Tune in to The Big Breakfast with Drew and Diana on Kemptville's new radio station, STAR 97.5fm.

Thursday, April 5, 2012

Season of the kitten, once again.

Well, at least it isn't as bad as last year. We should only have two litters of kittens born this spring. Last year we had ten.

When the kittens just kept a comin', under every shelf, behind every hay bale and in every hay feeder last spring, I decided we had to take drastic measures to control the cat population on the Fisher farm.

Many farms just practice the survival-of-the-fittest rule for their feral barn cats. Every winter they lose a few of the less hearty cats to the cold, and to other common barn cat ailments. They feed minimal amounts of dry food, to encourage the cats to hunt rodents in the barn. If their cat population gets a little too healthy and prolific, they control it by culling some of the cats. It's definitely a controversial subject.

When I moved into the farm five years ago, the Farmer had about six cats, he figures. He put down one bowl of food a day and occasionally they would get table scraps for a treat. The first time I looked out the patio door and saw a tiny kitten sitting there, I was hooked.

The mother cat had fed her kittens in the hayloft for a few weeks, but when they were old enough to start wandering, she brought them up to the farmhouse. Perhaps she thought I would help her to care for them. She was right. Smart kitty cat.

I washed and medicated weepy, infected eyes. I took the worst cases to the vet, paying for medication and treatment, only to see these weak kittens succumb to their illnesses anyway. I mixed my own homeopathic medicines, bought quality cat food and provided them with a warm, dry place to sleep.

The next year we had ten cats. The third year we had twenty. The males came and went, after fighting for the leadership position, but the females stuck around. Last year all twelve females had litters. Forty kittens were born.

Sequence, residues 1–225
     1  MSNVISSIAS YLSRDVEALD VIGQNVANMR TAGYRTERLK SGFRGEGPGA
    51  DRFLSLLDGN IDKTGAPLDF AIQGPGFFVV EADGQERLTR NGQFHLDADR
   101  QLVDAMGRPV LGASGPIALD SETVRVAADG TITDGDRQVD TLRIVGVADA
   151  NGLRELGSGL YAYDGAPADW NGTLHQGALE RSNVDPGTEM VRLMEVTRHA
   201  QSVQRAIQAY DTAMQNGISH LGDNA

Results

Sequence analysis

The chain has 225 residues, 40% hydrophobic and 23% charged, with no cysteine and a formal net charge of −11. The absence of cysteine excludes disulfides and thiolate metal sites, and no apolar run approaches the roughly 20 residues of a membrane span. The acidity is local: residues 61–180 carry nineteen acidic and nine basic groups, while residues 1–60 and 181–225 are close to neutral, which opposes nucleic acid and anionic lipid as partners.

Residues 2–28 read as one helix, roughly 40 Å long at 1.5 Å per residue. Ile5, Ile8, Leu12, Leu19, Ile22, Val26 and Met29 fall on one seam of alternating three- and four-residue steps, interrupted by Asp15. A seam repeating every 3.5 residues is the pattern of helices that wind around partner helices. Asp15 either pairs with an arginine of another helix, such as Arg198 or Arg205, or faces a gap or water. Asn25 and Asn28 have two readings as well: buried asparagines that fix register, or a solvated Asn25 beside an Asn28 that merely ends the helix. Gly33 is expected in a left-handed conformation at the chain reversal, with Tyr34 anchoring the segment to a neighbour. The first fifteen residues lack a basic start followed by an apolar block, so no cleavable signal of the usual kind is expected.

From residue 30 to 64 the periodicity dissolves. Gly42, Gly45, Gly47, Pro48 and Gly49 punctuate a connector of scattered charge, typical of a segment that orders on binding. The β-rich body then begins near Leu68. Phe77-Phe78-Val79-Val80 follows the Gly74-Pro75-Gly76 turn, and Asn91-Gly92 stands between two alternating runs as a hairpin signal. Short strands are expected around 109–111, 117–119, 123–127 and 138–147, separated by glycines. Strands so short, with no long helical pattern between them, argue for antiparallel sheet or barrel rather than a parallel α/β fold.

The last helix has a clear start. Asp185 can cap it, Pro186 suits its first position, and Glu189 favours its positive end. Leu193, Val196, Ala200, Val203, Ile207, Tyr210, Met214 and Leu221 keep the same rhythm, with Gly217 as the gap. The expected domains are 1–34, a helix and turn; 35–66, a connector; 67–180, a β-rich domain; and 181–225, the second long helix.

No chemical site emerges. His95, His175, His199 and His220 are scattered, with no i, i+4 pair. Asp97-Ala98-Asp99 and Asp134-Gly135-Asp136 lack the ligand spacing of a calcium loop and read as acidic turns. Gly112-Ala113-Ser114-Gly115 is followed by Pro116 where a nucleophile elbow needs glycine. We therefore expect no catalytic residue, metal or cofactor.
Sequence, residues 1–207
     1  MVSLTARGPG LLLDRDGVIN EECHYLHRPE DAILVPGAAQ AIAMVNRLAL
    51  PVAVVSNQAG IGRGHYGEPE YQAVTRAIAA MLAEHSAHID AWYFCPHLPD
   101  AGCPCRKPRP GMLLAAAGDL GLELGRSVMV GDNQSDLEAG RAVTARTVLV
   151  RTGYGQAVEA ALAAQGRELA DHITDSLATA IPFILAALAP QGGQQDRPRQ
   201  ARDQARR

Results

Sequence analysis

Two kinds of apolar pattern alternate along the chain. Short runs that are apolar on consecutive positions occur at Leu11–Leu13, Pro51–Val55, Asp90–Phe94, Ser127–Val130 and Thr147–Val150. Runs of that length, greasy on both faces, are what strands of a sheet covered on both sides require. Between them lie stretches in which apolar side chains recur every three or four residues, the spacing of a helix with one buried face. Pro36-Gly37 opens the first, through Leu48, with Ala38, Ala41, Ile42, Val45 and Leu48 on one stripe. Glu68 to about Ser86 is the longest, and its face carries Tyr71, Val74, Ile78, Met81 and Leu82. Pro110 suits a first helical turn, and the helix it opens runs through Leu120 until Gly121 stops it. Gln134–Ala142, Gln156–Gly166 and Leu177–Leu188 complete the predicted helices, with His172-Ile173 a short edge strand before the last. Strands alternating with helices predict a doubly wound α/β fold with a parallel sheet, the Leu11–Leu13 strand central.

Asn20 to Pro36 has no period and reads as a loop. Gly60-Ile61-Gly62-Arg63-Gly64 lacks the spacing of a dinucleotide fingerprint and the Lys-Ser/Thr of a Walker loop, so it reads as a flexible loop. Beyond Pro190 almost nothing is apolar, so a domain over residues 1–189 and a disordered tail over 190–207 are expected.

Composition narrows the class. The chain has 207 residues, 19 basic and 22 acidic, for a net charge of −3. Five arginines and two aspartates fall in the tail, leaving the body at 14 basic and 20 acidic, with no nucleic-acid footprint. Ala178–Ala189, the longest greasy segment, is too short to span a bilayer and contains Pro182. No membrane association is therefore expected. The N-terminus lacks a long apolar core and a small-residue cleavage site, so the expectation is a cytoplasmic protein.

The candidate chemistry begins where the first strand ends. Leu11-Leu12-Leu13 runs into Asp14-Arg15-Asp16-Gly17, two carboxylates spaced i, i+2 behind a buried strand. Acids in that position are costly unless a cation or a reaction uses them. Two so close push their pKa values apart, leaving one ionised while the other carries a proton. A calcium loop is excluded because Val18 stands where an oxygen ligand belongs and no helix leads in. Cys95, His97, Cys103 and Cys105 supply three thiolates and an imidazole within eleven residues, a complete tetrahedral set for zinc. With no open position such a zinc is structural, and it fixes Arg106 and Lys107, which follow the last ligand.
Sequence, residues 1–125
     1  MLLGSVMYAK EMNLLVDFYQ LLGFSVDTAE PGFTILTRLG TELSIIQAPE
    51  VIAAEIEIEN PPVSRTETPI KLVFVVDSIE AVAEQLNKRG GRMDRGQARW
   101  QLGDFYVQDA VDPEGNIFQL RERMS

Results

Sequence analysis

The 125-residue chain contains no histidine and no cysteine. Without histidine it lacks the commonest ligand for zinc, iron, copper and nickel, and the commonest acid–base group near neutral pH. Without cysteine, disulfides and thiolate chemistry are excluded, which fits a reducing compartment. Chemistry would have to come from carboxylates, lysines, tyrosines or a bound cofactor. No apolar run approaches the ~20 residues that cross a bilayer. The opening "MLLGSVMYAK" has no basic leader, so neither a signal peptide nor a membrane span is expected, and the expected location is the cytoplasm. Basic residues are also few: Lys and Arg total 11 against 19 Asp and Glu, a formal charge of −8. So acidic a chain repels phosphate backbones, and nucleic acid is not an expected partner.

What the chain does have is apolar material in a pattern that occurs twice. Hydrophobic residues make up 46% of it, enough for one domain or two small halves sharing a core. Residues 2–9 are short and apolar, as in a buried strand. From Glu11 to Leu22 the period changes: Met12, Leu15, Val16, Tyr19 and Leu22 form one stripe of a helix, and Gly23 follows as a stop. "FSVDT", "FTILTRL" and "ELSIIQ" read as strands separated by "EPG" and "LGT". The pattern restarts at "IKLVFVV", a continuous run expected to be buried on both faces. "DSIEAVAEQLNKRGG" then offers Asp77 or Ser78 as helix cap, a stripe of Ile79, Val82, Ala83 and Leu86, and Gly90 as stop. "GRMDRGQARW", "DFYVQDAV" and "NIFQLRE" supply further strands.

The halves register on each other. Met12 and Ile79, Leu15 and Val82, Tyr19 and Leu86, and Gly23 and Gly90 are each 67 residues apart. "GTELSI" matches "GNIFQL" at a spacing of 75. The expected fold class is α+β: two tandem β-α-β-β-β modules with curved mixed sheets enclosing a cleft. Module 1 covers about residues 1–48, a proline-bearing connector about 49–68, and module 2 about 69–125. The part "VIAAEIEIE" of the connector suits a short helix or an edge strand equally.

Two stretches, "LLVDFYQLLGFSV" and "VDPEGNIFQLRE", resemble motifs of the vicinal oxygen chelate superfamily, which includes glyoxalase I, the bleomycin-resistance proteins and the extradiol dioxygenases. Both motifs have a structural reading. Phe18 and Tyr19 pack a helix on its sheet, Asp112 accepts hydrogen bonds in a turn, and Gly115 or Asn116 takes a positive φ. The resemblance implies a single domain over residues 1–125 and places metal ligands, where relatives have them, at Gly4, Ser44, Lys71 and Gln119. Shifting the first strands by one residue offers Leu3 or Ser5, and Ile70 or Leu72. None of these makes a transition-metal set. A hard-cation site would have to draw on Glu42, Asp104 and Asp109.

I put an ad on and over the next six months I adopted out thirty-seven kittens. Here's how I did it. The kittens that were born in the stable were easy to catch and handle every day, so they quickly became tame and easy to adopt out by the time they were eight weeks old. I soon learned what an eight week old barn cat looks like. It's typically smaller than a domestic cat. The 'extra wild' kittens had to be caught and wrapped tightly in a towel, or they would shred my arms with their tiny claws. I am scarred for life. Then I would take them in the house and down to the spare bedroom in the basement, which became a kitty nursery until they were tame and adopted. I handled them every day if possible, until they were ready to trust and accept being touched.

When Sheila, our self-proclaimed house cat, had kittens, she let some of the other kittens nurse from her too. She was a very helpful wet nurse. As her charges, biological and otherwise, were adopted out one by one, she would come and sit by my feet and complain loudly: "you give them to me, you make me feed them, then you take them away?!"

Now she has a collection of stuffed toys, all kitten-sized, that she carries around the house in her mouth. I spayed ten cats last year. I missed two. One went into hiding when she saw her friends being caught in the live trap and carted off, one by one. The other was caught in the cage, but when I opened it she darted out, climbed up my pantleg, jumped over my head and escaped out the open door. She freaked me out so much I decided not to try to catch her again last year.

The other day I went out to the barn and there were the two mamas that I missed last year, waddling around, hugely pregnant again. Now I have to find homes for two more litters.

And then I have to catch the mamas—perhaps the smartest mamas in the barn—and get them spayed. Does anyone want a kitten?

Listen to The Big Breakfast Show with Drew and Diana on Kemptville's new radio station, STAR 97.5fm.